By on September 20, 2012

How similar is a man to his brother? Their parents flipped the chromosonal coin twenty-five thousand times with each. Perhaps they are entirely different, individuals in perfect reversal. Perhaps they are identical twins. But it’s rarely that simple. Imagine two brothers, similar and different. One is balanced, light, controlled; the other is brutish, temperamental, dramatic. One is well-liked everywhere he goes; the other is either despised or adored. Yet they are both capable of callous viciousness, careless love, arrogant intellect, base stupidity. It would be a rare woman who would want them both.

We’re obviously talking about the 2013 Boss 302 and Shelby GT500, right? As fate would have it, I happened to have the Shelby for a week. In the course of that week I drove it over a thousand miles on gnarled back roads and ruler-straight Midwestern freeways, took it to five different states, and hammered it to one hundred and sixty-eight miles per hour on the back straight of Virginia International Raceway. I would have loved to have compared it to the Camaro ZL1, but I’ll need to do a few more Sonic advertorials before I get GM loaner cars here in the States. Instead, I compared the big Shelby to the only car that its purchasers are likely to genuinely consider. Brother Boss, step forward.

I found Instagram fancier and former professional bluesman Bark M. relaxing with his son at his rather oversized Kentucky home. “You interested in checking out the Shelby?” I inquired, already knowing the answer. We rolled down Route 1958 near Winchester in tandem, two middle-aged guys laughing their heads off, cranking the music, nodding at the open-mouthed Fox Mustang and F-150 drivers rolling the other way. At any speed up to about a hundred miles per hour, the GT500 can smoke the rear tires on the roll, the force-fed 5.8-liter making instant and Herculean power. The Boss has a lighter nose and a lesser twist, but it snarls viciously through its side-bypass exhaust.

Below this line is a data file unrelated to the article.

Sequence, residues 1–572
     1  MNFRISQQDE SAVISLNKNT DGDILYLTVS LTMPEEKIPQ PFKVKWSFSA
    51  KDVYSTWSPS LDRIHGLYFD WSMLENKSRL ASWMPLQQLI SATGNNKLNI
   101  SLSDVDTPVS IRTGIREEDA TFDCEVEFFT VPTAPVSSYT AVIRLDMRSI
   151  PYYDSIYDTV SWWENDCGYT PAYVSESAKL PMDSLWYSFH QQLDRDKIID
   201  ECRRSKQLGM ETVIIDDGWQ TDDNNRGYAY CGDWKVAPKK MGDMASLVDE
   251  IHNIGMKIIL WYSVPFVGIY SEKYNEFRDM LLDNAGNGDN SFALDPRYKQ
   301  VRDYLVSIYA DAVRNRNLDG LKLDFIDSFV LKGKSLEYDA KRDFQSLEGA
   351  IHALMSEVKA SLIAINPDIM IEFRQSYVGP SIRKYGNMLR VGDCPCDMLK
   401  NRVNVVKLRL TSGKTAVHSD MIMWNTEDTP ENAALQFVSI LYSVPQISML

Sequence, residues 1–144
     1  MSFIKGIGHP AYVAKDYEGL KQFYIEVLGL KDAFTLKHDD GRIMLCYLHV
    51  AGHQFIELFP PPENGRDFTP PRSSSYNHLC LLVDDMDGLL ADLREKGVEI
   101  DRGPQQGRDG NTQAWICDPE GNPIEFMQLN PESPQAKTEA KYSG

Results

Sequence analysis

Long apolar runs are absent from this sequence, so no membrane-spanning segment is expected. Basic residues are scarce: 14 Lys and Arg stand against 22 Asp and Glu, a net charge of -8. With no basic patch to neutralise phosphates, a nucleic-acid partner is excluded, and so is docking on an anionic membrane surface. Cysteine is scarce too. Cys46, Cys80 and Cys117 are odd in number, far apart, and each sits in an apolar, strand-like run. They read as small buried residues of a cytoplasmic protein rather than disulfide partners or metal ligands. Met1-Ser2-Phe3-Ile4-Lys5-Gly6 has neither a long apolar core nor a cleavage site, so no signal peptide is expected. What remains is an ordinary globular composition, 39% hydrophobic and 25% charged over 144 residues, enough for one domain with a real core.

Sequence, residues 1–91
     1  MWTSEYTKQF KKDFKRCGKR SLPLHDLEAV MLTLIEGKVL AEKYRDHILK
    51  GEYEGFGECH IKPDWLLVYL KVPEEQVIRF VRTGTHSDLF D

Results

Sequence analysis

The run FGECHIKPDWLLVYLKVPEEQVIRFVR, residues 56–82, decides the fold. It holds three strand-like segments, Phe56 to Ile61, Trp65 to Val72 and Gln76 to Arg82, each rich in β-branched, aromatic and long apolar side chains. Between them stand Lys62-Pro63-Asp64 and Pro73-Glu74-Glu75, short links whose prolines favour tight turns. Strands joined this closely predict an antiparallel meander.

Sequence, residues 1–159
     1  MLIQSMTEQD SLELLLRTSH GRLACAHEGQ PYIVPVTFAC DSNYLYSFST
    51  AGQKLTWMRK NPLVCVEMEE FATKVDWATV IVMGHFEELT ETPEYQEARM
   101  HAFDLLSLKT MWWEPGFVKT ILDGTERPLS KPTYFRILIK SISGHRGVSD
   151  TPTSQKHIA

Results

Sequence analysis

It’s interesting how different these two brothers are. There’s a twenty-thousand-dollar gap between Bark’s Recaros-and-Torsen Boss and my Performance-Pack-and-Track-Package Shelby, and it’s reflected in various little ways, from the Shelby’s leather trim to the no-frills stereo fitted in the 302. When we come to a halt, Bark immediately demands to look at the Shelby’s suspension. “Not adjustable,” he sneers.

“It is, with a button on the dashboard.” His expression is contemptuous.

“Hope one of those two settings is right, then.” Nor does the GT500 have the massive strut tower brace fitted to the Boss. This is probably because the 5.8-liter block is visibly taller and deeper. It looks squeezed into the engine compartment where the five-liter simply fits.


I know Ford’s M3-mauling ponycar pretty well, but Bark has no such Shelby experience. I toss him the keys and watch him disappear down a two-lane, back wheels spinning, the back of the car hanging almost into the ditch. He’s an autocrosser, I’m a road racer, but we’re both part of what NASA’s director of competition, John Lindsey, once called “the brotherhood of speed” in an email to me. Full disclosure: the occasion on the email was my putting a fellow “brother of speed” on a LifeFlight. Oh well.